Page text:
Measuring subclinical disability in older mexican americans

Helen P Hazuda, Meghan B Gerety, Shuko Lee, Cynthia D Mulrow, Michael J Lichtenstein
Psychosomatic Medicine 2002, 64 (3): 520-30

OBJECTIVE: The purpose of this study was to develop a comprehensive list of adaptive strategies to prevent disability and use this information to devise a preliminary measure of subclinical disability (state of sustained independence in the presence of latent or manifest functional limitations) suitable for older Mexican Americans.

METHOD: Semistructured interviews were conducted with 24 community-dwelling Mexican American elders (> or =65 years old) to elicit information about adaptations in performance of daily living tasks (eg, walking, dressing, and shopping) that may indicate presence of subclinical disability. This information was used to construct a quantitative self-report measure of subclinical disability administered to 207 older Mexican Americans. Item and factor analyses were performed to reduce the number of items and establish their underlying structure. Construct and discriminant validity of the reduced instrument was determined.

RESULTS: A framework comprised of nine categories of daily living tasks, three functional levels, and five adaptation types was generated from the qualitative data. The initial 133-item measure (named the ADAPT) was reduced to a 44-item scale with three subscales (physical, household, and social). ADAPT scores correlated significantly in the expected direction with standard functional status measures, but the shared variance was modest, indicating that the ADAPT captured substantial, unique variance. Mean ADAPT scores differed significantly and were monotonically lower across subgroups classified as independent, subclinically disabled, and disabled, respectively.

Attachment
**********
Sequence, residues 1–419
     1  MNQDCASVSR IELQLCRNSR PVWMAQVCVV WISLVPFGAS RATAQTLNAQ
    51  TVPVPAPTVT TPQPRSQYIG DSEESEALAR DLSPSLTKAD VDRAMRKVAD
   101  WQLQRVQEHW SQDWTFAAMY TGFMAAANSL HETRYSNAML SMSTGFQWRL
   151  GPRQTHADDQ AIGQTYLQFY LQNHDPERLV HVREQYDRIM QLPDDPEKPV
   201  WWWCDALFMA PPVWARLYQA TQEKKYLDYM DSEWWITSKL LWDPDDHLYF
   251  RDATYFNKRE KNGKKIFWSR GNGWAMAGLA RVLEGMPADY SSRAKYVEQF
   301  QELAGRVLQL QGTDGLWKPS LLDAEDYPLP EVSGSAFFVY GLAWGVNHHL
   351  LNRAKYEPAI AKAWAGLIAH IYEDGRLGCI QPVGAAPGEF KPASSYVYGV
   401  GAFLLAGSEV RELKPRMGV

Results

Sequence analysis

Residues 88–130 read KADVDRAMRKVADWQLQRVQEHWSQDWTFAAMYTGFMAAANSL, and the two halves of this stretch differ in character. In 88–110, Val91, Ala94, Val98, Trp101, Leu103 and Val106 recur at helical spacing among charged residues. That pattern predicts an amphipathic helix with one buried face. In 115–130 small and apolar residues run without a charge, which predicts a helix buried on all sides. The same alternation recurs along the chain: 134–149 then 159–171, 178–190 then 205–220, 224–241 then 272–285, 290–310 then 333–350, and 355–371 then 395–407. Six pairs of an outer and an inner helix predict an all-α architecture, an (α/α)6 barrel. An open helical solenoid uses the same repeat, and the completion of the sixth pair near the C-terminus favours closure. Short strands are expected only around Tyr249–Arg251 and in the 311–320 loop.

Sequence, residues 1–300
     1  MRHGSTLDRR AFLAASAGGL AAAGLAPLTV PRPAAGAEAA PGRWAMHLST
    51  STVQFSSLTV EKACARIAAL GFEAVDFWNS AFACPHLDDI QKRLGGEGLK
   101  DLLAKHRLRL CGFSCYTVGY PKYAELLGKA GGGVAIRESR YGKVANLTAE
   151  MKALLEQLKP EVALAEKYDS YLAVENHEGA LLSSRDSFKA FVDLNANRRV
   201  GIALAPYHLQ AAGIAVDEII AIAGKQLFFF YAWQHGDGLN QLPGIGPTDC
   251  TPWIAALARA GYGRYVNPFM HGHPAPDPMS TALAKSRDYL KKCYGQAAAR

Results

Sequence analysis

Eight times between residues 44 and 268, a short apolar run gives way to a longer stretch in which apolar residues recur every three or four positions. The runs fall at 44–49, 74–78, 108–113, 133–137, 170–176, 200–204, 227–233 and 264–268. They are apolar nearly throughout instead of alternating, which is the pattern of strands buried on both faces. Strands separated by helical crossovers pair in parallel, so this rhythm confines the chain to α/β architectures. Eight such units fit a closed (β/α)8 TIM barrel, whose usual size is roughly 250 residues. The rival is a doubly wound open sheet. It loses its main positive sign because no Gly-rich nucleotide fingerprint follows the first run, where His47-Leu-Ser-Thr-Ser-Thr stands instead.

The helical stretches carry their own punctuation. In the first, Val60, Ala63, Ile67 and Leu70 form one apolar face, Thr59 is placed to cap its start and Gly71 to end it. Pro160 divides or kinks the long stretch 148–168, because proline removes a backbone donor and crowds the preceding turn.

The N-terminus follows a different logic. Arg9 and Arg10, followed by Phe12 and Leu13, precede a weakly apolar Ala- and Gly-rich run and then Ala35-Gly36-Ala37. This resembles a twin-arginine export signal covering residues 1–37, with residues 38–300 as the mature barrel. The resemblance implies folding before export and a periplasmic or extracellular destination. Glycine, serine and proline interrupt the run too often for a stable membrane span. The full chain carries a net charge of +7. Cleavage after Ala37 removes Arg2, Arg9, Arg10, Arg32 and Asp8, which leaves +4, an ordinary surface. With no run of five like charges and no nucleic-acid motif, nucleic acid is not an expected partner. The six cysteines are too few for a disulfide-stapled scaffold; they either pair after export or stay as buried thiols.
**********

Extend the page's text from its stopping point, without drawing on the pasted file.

CONCLUSIONS: The ADAPT seems to have construct and discriminant validity as a measure of subclinical disability. Additional research is required to determine sensitivity to change and clinically significant cut points for varying risk of frank disability.

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